South Africa’s incumbent and beleaguered President, Jacob Zuma is a sharp contrast to the land of Nelson Mandela. Zuma, a man born into poverty has almost entirely lived under the shadow of corruption. In 2005 he was charged with rape, however, proud polygamist was acquitted. Zuma’s friend speak of charismatic confidence and strength as he has grown enormously popular over the last several years. adversity partly explain his enduring popularity. Today, while South Africa faces inner turmoil, with crime running rampant throughout the land, Zuma concluded bilateral talks with President Putin of the Russian Federation. As Zuma greated the press, he declared that the status of the two country’s bilateral relations and an exchange of views on regional and multilateral issues of common interest in Africa, had been satisfactorily evaluated. Zuma closed the press conference with a brief discussion concerning arrangements in place for the Russian National Soccer Team to play against South Africa’s national squad Bafana Bafana sometime before the end of the year.
Though Putin’s visit was scene by many as a monumental success, nevertheless, allegations that Zuma has plundered the public purse for his private homestead and other nefarious activities keeps a cloud suspicious ever looming over him and his administration.
Such a checkered atmosphere was conspicuously absent during Nelson Mandela’s reign in office. when I think about human rights the Africa that once was ruled by Mandela. I remember landing in the busy Tambo International Airport in Johannesburg, South Africa on April 17, 2010 to deliver a presentation at the University of Witwatersrand in Johannesburg. Wits, as it is called in the land of Nelson Mandela is a leading university in Africa and stands in stark contrast to many of the universities I have seen throughout Africa. But this is a land of many contrasts and stark inequalities.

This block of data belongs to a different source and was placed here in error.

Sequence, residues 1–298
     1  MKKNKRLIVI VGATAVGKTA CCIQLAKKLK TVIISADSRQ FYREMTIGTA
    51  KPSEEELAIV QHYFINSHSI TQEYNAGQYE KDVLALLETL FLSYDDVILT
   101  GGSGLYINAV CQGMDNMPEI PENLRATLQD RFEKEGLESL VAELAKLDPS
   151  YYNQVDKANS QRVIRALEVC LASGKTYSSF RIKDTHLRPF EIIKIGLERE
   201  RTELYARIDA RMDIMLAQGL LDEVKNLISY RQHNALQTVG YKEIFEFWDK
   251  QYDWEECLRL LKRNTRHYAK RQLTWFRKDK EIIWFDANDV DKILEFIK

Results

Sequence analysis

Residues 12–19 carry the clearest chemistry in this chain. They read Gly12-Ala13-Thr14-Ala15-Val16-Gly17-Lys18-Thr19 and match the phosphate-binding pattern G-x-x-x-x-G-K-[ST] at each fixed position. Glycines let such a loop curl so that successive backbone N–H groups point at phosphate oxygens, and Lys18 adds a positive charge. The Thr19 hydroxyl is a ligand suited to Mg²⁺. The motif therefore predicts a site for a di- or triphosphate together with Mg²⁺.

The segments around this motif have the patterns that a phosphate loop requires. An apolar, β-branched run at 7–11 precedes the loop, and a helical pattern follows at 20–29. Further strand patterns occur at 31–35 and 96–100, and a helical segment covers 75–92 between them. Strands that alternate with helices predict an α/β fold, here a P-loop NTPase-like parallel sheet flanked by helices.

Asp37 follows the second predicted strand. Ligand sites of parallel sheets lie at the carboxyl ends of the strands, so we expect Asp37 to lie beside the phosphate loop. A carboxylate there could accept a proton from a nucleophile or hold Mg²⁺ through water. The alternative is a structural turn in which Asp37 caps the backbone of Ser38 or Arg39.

A friend took us for a drive to see Johannesburg. We whisked past glass-plated shopping malls and tall high rises that could rival any in New York or Los Angeles. And then we drove through Soweto. Remember Soweto, where the anti-apartheid riots took place and a 12 year-old boy named Hector Pieterson was killed (among others) when police opened fire on protesters. While not as bad as some slum areas in Johannesburg, Soweto is a stark contrast to the glitzy malls and watering holes of the South African rich. And though Zuma was President at the time, Soweto seemed void of corruption.
It was the children I met in the Soweto schools that made me think about human rights the most. While books and pencils were in short supply, intellect and curiosity were not. The principal asked me to talk to the children, but instead they talked to me. Seated in their uniforms and courteous beyond belief, they wanted to know about America.
All was well until one middle school-aged boy broke the spell. Seated in the back of the classroom, he pinned me to the wall when he asked why we went to war with Iraq and perhaps we were not as rich as we thought ourselves to be.
I tell you, I was shaken by the question because it felt more like an accusation. I explained the best I could, waved farewell and headed back to campus. All night I brooded over what this student who was about the age of Hector Pieterson when he died, was really thinking. I may never know, but I bet as I prepare to board my comfortable plane and head back to my comfortable life in the United States, the answer lies somewhere in between. And all this time I was contrasting the rule of Mandela with Zuma, when perhaps I should have considered the corruption and crime that takes place every day in America.
The Land of Nelson Mandela
By Helen Bond